WHAT ARE THE ODDS

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Baseball Prospectus’ “Playoff Odds Report” suggests there are only a handful of teams that could possibly win the World Series.

According to the report, the New York Mets have a 38.7% chance of making the post season, a 32.5% of making it to the Divisional series and a 2.6% chance of winning the World Series. The data is based on each team’s “adjusted playoff percentage and expected win percentage.” Baseball Prospectus simulated calculations suggest the Mets will win 84 games and finish with a .515 winning percentage.

So what you’re saying is, there’s a chance!?

So, who are the team’s most likely to win the World Series, according to Baseball Prospectus? The Los Angeles Dodgers are the heavy favorite, sitting on top of the rankings with a 17.7% chance. The top five teams are:

  • Los Angeles Dodgers (51-39), 17.7%
  • Los Angeles Angels (48-40), 10.2%
  • New York Yankees (48-40), 9.7%
  • Washington Nationals (48-39), 9.3%
  • St. Louis Cardinals (56-33), 9.1%

I guess this means I can cancel by MLB Extra Innings package for the second half of the season, sit back and wait for the parade through downtown Los Angeles, right? I like baseball stats, and love to debate them and how they are used, but I don’t believe there is a formula to predict the season.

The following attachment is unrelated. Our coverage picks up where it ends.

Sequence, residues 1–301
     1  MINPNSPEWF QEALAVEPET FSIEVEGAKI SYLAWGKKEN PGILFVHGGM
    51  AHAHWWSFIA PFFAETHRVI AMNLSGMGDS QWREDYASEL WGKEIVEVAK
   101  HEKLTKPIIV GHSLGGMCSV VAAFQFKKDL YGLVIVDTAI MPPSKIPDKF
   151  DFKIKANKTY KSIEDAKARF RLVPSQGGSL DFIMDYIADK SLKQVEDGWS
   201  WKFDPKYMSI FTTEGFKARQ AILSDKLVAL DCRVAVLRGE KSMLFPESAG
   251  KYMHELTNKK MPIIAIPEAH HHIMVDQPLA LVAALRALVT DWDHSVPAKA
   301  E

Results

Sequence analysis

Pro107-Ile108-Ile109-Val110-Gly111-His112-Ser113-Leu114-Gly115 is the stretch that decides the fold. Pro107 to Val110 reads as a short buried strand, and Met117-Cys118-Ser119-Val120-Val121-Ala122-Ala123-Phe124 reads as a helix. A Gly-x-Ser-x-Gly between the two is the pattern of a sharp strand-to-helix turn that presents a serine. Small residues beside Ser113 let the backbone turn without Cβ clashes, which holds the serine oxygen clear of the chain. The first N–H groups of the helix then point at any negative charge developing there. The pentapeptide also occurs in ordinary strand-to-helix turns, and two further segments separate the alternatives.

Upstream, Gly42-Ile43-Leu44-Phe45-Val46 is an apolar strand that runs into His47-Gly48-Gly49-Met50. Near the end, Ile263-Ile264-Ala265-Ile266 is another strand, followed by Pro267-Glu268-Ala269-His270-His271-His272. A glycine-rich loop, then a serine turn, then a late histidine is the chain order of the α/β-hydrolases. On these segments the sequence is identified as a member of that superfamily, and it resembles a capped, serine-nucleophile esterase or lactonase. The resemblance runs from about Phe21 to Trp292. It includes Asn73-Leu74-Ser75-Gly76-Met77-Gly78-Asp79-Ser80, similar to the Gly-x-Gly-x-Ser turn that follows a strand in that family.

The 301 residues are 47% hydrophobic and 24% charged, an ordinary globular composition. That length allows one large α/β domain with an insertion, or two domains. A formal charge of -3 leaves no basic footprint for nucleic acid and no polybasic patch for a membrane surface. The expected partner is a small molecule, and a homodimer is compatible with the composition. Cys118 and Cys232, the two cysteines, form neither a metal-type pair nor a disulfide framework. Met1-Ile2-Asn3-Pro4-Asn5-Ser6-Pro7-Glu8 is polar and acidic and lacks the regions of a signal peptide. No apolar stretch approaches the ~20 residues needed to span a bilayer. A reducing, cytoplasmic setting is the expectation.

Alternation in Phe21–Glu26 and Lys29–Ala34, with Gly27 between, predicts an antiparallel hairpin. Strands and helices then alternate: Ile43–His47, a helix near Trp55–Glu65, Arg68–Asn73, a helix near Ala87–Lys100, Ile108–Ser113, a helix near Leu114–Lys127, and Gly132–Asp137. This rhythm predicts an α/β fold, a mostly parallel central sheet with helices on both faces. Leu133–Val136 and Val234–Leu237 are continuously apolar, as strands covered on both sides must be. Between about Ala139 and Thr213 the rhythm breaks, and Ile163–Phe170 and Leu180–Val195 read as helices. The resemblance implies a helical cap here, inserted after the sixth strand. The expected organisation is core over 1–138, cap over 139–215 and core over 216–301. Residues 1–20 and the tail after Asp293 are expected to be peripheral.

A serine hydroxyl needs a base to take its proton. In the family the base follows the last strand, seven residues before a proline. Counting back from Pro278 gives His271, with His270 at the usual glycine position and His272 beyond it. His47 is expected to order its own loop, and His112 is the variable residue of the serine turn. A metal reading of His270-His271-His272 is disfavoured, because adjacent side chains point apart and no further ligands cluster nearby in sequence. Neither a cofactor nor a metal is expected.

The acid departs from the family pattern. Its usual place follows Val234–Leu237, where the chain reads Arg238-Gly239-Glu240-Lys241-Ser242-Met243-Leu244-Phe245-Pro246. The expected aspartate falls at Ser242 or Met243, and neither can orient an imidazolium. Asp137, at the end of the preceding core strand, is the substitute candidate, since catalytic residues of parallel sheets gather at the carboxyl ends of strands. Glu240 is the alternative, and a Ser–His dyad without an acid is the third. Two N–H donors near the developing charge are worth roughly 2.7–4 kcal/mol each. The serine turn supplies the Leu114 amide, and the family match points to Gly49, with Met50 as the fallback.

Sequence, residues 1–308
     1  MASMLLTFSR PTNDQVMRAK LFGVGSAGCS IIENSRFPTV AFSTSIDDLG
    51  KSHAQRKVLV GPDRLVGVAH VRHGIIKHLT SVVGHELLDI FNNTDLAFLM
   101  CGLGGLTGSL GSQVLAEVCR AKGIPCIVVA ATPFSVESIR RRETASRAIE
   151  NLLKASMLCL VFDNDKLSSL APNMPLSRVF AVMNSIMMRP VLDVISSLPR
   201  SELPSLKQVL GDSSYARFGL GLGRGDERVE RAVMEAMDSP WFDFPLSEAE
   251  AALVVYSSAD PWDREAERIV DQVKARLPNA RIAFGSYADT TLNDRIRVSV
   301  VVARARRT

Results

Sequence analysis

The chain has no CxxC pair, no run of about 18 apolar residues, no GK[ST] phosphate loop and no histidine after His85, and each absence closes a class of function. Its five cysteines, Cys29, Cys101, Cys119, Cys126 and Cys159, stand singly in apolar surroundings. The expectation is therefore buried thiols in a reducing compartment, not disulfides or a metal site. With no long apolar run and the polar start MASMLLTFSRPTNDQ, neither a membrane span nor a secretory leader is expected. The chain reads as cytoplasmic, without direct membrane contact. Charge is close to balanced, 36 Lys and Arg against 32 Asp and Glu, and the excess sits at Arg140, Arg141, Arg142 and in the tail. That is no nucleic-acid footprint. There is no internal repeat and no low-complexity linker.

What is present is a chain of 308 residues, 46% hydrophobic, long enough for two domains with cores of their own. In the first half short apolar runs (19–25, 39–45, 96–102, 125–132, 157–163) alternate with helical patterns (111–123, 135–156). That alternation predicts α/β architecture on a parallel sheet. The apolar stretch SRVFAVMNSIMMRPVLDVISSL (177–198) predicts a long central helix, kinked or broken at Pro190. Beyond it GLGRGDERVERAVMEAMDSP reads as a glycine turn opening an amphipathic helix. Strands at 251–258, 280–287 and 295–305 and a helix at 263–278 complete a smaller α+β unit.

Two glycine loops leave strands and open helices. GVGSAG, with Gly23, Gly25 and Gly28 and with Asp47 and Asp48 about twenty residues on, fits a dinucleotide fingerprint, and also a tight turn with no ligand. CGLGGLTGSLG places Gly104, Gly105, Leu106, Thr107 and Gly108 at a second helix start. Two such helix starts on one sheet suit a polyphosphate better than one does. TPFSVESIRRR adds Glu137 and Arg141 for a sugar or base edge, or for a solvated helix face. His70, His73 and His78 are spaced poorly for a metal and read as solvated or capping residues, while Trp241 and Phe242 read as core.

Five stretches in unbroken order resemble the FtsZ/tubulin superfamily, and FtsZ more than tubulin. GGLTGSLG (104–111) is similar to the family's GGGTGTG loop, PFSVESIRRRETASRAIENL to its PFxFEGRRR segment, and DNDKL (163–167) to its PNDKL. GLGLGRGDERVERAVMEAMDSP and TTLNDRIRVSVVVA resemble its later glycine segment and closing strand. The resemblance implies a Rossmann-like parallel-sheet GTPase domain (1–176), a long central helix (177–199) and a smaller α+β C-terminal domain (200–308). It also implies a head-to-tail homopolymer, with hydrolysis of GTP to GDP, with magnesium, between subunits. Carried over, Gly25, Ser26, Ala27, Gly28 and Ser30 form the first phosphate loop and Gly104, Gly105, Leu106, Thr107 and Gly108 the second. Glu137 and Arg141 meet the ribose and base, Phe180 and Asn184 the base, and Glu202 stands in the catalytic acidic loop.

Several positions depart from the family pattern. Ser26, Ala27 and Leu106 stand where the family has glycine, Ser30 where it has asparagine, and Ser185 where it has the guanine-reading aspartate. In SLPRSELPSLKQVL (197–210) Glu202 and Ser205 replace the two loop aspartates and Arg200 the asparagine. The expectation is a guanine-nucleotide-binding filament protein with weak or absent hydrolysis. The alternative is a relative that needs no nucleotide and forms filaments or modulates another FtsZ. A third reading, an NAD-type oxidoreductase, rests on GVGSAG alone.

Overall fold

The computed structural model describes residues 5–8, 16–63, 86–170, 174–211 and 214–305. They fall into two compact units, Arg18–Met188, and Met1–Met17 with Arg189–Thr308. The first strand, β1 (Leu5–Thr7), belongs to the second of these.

Not so fast, saber-nerds.

Success in October is seized by great pitching, momentum and expectations of the unexpected. Would anyone have predicted Bucky Dent would hit a home run at Fenway Park in 1978 to beat the Red Sox in a one-game playoff? David Eckstein won a World Series MVP. Who saw that coming? Don Larsen pitched a perfect gamePat Borders led the Blue Jays  in the 1992 World Series, hitting .450 and collecting nine hits (he hit just .242 during the regular season and was a .253 lifetime hitter). Brian Doyle may be the most unknown World Series hero of all-time. He never played more than 39 in a single season, nor did he ever hit higher than .192. In the 1978 World Series, Doyle replaced Willie Randolph and went on to hit .478 (7-for-16).

So, who do you think will win it all?

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About the author

John Strubel

Hi. My name is John Strubel. Thanks for visiting my website. I write primarily about my passion: baseball. In addition, I occasionally publish posts and podcasts related to sports media, journalism and technology impacting the industry. You can also connect with me on social media @johnstrubel.

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